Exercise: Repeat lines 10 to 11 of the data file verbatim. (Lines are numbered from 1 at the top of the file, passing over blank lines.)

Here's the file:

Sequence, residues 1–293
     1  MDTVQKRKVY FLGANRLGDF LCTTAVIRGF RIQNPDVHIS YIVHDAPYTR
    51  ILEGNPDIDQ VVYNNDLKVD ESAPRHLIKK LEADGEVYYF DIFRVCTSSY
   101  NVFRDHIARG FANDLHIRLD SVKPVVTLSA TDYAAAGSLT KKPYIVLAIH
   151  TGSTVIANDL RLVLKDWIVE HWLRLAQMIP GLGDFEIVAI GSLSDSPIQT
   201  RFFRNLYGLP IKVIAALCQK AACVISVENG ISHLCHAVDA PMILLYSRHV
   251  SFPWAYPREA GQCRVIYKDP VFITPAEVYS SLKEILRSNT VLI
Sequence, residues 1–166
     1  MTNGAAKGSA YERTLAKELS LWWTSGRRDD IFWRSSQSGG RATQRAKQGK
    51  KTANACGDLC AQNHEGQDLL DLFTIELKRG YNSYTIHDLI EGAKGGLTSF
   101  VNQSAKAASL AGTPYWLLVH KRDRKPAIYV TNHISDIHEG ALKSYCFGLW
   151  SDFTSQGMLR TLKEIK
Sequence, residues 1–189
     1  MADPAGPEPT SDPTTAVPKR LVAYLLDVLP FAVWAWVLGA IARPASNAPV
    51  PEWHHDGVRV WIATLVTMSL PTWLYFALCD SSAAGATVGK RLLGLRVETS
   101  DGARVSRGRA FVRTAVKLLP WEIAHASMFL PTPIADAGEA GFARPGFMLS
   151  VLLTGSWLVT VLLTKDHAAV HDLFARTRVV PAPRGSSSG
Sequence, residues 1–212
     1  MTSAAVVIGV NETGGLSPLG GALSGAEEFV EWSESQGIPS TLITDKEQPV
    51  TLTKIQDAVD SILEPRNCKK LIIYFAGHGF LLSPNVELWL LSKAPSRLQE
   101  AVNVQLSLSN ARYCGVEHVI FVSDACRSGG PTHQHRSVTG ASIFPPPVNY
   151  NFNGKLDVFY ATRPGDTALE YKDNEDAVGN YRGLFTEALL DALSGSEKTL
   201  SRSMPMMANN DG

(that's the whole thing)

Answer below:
    51  KTANACGDLC AQNHEGQDLL DLFTIELKRG YNSYTIHDLI EGAKGGLTSF
   101  VNQSAKAASL AGTPYWLLVH KRDRKPAIYV TNHISDIHEG ALKSYCFGLW